Exploring the Nature of Dark Matter and Its Effects on Galaxies

In summary, dark matter has been tentatively discovered, and it may be composed of three phases. Some people believe that ammonia tank detectors may have detected dark matter, but the evidence is still inconclusive.
  • #1
30
0
if there is dark matter every where, why it is noticed near galaxies? why can't we do some very sensitive lab experiments of gravity to find the effect of dark matter?
 
Physics news on Phys.org
  • #2
jayaramas said:
if there is dark matter every where, why it is noticed near galaxies?

Because there is more of it near galaxies. Or rather, the galaxies themselves form where the dark matter clumps together under its own gravity, because the gravity of the dark matter causes normal matter to "pool" there as well.

jayaramas said:
why can't we do some very sensitive lab experiments of gravity to find the effect of dark matter?

Because it isn't very dense. Sure, most of the mass of a galaxy is probably in its dark matter halo, but it doesn't appear to clump into dense objects like stars and planets. When you spread out all that mass across the vast amount of empty space available in and around a galaxy the density becomes much too low for one to notice any local gravitational effects that might exist.
 
  • #3
Jay, consider a very large cloud of Hydrogen gas in the galaxy. The combined mass of this gas is easily 1000 times more than our Sun. As you are passing through this cloud you would barely be able to detect the gravity because the density of the cloud is very small and it is all around you. Only by measuring things such as a star passing by the cloud would you notice the gravity because it is being pulled towards you. Similarly dark matter is spread out all around the galaxy instead of being clumped together, so we have a very difficult time detecting it within our own galaxy. When we look at other galaxies we can see the large scale effect because we are outside of that galaxies dark matter and can see things such as gravitational lensing and the rotation of the stars in the galaxy.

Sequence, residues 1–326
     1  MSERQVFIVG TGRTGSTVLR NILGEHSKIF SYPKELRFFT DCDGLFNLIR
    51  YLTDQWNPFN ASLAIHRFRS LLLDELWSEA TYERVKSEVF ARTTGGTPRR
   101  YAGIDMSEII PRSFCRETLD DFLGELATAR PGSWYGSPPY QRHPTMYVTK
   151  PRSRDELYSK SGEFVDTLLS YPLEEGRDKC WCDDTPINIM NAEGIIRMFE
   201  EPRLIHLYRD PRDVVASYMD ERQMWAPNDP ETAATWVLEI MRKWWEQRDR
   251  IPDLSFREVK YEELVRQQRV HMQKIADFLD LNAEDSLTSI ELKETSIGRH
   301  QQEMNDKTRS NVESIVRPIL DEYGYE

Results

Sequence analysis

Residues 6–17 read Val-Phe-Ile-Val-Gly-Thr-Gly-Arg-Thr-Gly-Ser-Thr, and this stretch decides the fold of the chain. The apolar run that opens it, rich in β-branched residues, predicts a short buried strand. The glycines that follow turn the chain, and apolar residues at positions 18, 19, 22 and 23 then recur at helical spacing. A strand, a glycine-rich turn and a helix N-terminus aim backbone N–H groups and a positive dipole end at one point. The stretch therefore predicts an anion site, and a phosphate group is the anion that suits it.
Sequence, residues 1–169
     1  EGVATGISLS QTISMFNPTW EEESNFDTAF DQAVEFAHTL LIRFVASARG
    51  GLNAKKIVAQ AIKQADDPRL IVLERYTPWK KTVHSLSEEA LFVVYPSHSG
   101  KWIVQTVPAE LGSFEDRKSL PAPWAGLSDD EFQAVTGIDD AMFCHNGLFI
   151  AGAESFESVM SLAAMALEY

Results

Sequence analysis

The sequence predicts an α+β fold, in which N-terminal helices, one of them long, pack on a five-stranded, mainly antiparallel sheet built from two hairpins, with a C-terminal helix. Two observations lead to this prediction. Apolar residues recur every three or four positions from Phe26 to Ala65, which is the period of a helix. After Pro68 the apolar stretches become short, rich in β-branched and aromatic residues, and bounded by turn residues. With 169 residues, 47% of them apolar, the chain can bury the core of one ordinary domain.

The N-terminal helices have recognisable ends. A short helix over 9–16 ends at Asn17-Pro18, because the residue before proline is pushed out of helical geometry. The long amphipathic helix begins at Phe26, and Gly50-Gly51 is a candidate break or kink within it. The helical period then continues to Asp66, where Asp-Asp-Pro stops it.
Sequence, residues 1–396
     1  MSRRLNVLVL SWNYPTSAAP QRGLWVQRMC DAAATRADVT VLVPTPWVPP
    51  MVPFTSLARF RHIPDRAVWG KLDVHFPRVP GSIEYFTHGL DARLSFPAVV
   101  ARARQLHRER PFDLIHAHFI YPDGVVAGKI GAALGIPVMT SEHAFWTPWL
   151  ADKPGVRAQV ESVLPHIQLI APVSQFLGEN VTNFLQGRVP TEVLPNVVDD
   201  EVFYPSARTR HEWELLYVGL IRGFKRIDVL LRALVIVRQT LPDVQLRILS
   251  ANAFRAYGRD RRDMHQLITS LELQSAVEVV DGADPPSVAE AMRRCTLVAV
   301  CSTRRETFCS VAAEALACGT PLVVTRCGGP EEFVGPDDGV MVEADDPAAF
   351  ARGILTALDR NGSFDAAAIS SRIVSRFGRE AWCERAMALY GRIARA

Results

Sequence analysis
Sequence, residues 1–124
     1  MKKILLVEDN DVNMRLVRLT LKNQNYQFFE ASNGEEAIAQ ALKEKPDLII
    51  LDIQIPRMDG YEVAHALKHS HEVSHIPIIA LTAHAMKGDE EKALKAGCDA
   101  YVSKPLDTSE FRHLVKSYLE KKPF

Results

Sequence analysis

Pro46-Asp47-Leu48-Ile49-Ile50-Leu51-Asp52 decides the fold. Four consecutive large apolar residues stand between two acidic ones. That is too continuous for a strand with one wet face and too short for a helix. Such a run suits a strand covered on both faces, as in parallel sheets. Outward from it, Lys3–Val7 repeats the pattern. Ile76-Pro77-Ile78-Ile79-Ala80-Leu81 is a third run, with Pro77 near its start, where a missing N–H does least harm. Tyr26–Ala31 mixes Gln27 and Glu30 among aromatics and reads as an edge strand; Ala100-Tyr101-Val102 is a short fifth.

• #4
Has dark matter been tentatively discovered?, is it 3 phase? Can someone confirm what I read about the ammonia tank detectors a while back?
 

1. What is dark matter and how is it different from regular matter?

Dark matter is a type of matter that does not emit or absorb light, making it invisible to telescopes and other instruments that detect electromagnetic radiation. It is thought to make up about 85% of the total matter in the universe, while regular matter (the kind we are familiar with) makes up only about 15%. Unlike regular matter, dark matter does not interact with electromagnetic radiation, which is why it is difficult to detect and study.

2. How do scientists study dark matter?

Scientists use a variety of methods to study dark matter, including observations of its gravitational effects on visible matter, computer simulations, and experiments with particle accelerators. One of the most common methods is to study the rotation curves of galaxies, which can reveal the presence of dark matter based on how the stars and gas in a galaxy are moving.

3. What are the effects of dark matter on galaxies?

Dark matter plays a crucial role in the formation and evolution of galaxies. Its gravitational effects help to hold galaxies together and prevent them from flying apart due to their high speeds. Dark matter also helps to shape the structure of galaxies, influencing the distribution of stars and gas within them. Without dark matter, galaxies would look very different and may not even exist in their current form.

4. Is dark matter the same as dark energy?

No, dark matter and dark energy are two different things. Dark matter is a type of matter that has mass and exerts gravitational effects, while dark energy is a mysterious force that is thought to be causing the expansion of the universe to accelerate. Both dark matter and dark energy are currently not well understood, but they are thought to be separate phenomena.

5. Can we harness dark matter for energy or other practical purposes?

Unfortunately, we do not yet have the technology or understanding to harness dark matter for practical purposes. As its name suggests, dark matter is very difficult to detect and interact with, making it challenging to use for energy or other applications. However, studying dark matter and its effects on galaxies can lead to a better understanding of the universe and potentially open up new possibilities for future technologies.

Suggested for: Exploring the Nature of Dark Matter and Its Effects on Galaxies

Replies
9
Views
1K
Replies
15
Views
1K
Replies
1
Views
1K
Replies
13
Views
904
Replies
8
Views
2K
Replies
6
Views
1K
Replies
8
Views
1K
Back
Top